Monday, February 1, 2016

Newsploitation: Poppin' up that POPCORN (1991)

It is weird to me to be writing up a 25th anniversary of a film that feels like it just came out a few years back. When I was a kid, Fangoria did a 20th anniversary celebration of NIGHT OF THE LIVING DEAD (1968) and twenty years to my young mind seems like ages ago. Now I hear a film like POPCORN is 25 years old and it freaks me out. Yes, kids, getting old is weird. Anyway, February 1, 2016 marks the two-and-a-half decades anniversary of the U.S. theatrical release of POPCORN.

That the film got a nationwide theatrical release at all is pretty amazing given the behind-the-scenes chaos of the film’s production. POPCORN certainly had fans salivating when news broke of its impending production as it was a reunion of filmmakers Bob Clark and Alan Ormsby. The duo met in school in Florida and created a unique partnership in the early ‘70s with a trio of horror flicks - CHILDREN SHOULDN’T PLAY WITH DEAD THINGS (1972), DERANGED (1974) and DEATHDREAM (1974). Creating three films now considered horror classics in a few years? Not too bad. Their careers went in different directions after these films; Clark went on to bigger success with BLACK CHRISTMAS (1974), MURDER BY DECREE (1979), PORKY’S (1981), and A CHRISTMAS STORY (1983), while Ormsby had an incredibly eclectic screenwriting career including MY BODYGUARD (1980) and the CAT PEOPLE (1982) remake. They did reunite in a non-horror capacity with PORKY’S II: THE NEXT DAY (1983) which had Clark as director and Ormsby as co-writer (yes, Clark released a PORKY’S sequel and A CHRISTMAS STORY in the same calendar year, incredible!).

According to what Clark told Fangoria at the time of POPCORN’s release, the horror reunion came about when DEAD THINGS co-producer Gary Goch came to him with a screenplay for what would eventually become POPCORN. He liked the idea and passed it along to Ormsby to rewrite and thought it would make a nice directing vehicle for his friend (Ormsby had previously directed the lost-but-recently-discovered MURDER ON THE EMERALD SEAS [1974] and co-directed DERANGED). The eventual “phantom of the movie theater” scenario shaped up nicely and the filming began in Kingston, Jamaica in October 1989. Unfortunately, Ormsby’s version was much darker than what the financiers were expecting and Orsmby ended up leaving the production after a few weeks of filming (apparently the only remaining footage in the film of his are the retro films within the film). Another casualty was lead actress April O’Neill (HONEY, I SHRUNK THE KIDS [1989]), who was replaced by budding scream queen Jill Schoelen (THE STEPFATHER [1987]). Clark mentioned to Fangoria that they approached three veteran horror directors who passed on the project and that he even shot a few days before PORKY’S actor Mark Herrier stepped in as director. Despite all this work to salvage the film, Clark also eventually had his name removed from the final film while Ormbsy is credited for his screenplay as “Tod Hackett.”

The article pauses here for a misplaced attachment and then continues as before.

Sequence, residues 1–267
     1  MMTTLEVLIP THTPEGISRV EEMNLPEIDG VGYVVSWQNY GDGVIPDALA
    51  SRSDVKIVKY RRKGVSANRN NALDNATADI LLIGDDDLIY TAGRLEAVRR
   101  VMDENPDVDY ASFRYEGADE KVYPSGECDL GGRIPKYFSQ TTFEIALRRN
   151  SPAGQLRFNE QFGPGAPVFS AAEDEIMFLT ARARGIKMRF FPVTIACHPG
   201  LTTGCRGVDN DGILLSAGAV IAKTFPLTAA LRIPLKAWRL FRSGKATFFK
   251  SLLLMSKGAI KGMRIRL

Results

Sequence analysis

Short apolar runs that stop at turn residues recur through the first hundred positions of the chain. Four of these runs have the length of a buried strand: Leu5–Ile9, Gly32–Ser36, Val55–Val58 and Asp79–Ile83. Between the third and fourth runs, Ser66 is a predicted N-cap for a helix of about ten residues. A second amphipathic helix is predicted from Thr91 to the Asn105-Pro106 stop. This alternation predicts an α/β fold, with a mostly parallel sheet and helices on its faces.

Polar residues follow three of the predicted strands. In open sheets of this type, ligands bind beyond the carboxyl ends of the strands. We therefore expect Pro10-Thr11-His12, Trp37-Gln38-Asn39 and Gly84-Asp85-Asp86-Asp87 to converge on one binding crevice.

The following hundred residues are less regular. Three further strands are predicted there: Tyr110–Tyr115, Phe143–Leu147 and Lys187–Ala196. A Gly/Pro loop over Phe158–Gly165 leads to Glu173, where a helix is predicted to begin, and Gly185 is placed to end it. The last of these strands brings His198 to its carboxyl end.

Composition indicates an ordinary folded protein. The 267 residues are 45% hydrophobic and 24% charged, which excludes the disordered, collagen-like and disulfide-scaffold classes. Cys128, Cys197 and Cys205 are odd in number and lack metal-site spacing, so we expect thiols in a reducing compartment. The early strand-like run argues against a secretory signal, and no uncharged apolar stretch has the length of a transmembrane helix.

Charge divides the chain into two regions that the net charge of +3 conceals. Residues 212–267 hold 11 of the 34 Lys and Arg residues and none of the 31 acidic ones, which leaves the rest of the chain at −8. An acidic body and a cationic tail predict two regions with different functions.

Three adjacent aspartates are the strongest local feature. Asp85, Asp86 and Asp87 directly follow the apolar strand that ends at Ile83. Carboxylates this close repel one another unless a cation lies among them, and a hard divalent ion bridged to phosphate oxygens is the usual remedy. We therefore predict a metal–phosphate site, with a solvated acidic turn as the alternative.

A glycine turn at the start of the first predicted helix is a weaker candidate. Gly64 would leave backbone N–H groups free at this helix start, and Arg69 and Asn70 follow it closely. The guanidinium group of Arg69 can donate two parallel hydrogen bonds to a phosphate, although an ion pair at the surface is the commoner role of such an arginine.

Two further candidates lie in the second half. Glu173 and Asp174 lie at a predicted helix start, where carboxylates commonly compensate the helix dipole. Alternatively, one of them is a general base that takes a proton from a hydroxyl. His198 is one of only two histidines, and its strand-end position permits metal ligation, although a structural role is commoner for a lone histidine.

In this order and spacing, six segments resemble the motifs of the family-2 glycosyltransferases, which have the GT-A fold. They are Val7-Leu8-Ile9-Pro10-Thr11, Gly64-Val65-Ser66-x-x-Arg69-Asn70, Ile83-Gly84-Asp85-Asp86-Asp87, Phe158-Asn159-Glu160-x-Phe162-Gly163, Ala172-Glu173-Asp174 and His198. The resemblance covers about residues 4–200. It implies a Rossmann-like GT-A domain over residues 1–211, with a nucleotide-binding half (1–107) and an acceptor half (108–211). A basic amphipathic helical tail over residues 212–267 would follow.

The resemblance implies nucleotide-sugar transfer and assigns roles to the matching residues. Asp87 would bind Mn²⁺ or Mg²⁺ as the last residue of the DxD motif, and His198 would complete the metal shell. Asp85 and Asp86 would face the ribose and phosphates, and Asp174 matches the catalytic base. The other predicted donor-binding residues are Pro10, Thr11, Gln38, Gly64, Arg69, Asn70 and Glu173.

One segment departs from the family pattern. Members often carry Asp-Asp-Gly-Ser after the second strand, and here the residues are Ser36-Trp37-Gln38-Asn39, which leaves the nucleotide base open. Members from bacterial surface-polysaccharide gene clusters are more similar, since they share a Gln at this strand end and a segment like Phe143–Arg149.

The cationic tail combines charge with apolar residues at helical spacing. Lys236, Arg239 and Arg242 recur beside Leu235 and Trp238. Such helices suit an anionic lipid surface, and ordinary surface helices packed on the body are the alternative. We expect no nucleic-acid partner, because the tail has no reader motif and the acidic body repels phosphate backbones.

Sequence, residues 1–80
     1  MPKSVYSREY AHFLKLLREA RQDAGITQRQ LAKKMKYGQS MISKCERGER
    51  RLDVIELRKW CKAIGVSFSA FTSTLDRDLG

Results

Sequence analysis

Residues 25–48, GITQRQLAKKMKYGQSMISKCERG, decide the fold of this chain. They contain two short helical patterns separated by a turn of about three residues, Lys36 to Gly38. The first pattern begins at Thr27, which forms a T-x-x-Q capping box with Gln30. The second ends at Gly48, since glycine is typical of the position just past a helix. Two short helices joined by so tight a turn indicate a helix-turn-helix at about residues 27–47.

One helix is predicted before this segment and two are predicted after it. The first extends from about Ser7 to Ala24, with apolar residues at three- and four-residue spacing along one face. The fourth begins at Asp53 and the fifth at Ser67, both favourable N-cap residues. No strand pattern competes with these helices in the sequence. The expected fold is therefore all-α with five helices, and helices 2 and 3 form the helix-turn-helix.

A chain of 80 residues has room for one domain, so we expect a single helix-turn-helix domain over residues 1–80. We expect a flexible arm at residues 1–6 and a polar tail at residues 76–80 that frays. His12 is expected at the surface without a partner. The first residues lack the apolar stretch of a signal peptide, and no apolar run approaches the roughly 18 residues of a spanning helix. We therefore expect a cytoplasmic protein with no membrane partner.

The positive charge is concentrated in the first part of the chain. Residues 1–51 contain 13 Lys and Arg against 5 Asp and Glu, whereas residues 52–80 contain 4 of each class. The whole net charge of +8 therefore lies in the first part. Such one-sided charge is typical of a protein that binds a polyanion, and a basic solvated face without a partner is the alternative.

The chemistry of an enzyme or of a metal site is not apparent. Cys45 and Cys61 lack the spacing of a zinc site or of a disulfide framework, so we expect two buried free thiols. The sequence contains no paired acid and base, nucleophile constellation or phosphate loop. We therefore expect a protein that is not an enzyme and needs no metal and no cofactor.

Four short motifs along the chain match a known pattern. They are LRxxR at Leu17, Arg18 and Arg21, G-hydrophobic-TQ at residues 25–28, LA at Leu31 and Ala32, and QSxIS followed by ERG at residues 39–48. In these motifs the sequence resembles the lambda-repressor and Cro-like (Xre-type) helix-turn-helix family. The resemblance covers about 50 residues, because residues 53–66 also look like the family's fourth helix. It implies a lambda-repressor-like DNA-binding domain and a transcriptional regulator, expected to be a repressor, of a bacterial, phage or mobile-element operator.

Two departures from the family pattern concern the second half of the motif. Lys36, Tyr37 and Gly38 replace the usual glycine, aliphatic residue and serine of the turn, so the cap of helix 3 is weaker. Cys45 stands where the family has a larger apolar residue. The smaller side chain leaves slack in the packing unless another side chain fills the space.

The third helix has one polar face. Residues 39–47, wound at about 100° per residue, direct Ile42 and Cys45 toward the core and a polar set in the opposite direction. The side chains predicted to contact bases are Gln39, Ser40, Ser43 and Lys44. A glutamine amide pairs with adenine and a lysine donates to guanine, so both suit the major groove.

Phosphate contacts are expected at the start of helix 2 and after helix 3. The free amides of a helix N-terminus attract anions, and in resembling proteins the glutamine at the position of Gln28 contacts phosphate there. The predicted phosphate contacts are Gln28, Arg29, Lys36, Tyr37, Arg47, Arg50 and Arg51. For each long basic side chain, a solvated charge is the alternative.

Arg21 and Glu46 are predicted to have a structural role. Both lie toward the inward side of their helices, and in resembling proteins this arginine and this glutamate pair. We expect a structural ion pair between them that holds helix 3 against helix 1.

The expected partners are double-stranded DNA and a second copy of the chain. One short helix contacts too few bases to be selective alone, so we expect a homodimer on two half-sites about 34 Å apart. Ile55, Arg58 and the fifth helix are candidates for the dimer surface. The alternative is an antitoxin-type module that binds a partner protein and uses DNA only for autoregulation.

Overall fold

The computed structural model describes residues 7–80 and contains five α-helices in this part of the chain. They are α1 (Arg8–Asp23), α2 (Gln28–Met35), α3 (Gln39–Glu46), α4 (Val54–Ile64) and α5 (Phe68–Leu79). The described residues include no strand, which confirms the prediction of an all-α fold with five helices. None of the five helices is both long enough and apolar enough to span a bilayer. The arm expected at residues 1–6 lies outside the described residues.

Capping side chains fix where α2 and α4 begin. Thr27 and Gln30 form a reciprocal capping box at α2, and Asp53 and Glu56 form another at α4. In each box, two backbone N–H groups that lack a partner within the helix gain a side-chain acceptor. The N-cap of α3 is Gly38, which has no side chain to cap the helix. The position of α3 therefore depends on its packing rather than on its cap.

Rare Variety production listing with 
Orsmby credited as both co-director and writer:

Originally aiming for a fall 1990 theatrical release, POPCORN was eventually put out a few months later in February 1991 by new indie distributor Studio Three Film Corporation. The company surprisingly got the film into over 1,000 theaters and the good news was it ended up being the highest debuting new release that weekend. The bad news is it still only came in 8th place at the box office with a haul of $2,563,365. Hey, at least it did better that Buena Vista’s RUN (1991) with Patrick Dempsey. POPCORN quickly disappeared from theaters with a small haul of just $4,205,00. Studio Three had only one other theatrical release before folding, the drama-romance RICH GIRL (1991) in May 1991 starring Jill Schoelen. Damn, did her dad own this company? Anyway, POPCORN eventually found its audience on video and developed a true cult following. It holds a special place in my heart as it was the second R-rated feature I drove myself to alone to see in the theater (for my eventual biography you will write, the first one was WARLOCK [1991]). The film’s cult has only grown over the years; so much so that a special edition DVD/Bluray of the film is coming from Synapse Films sometime in the near future.

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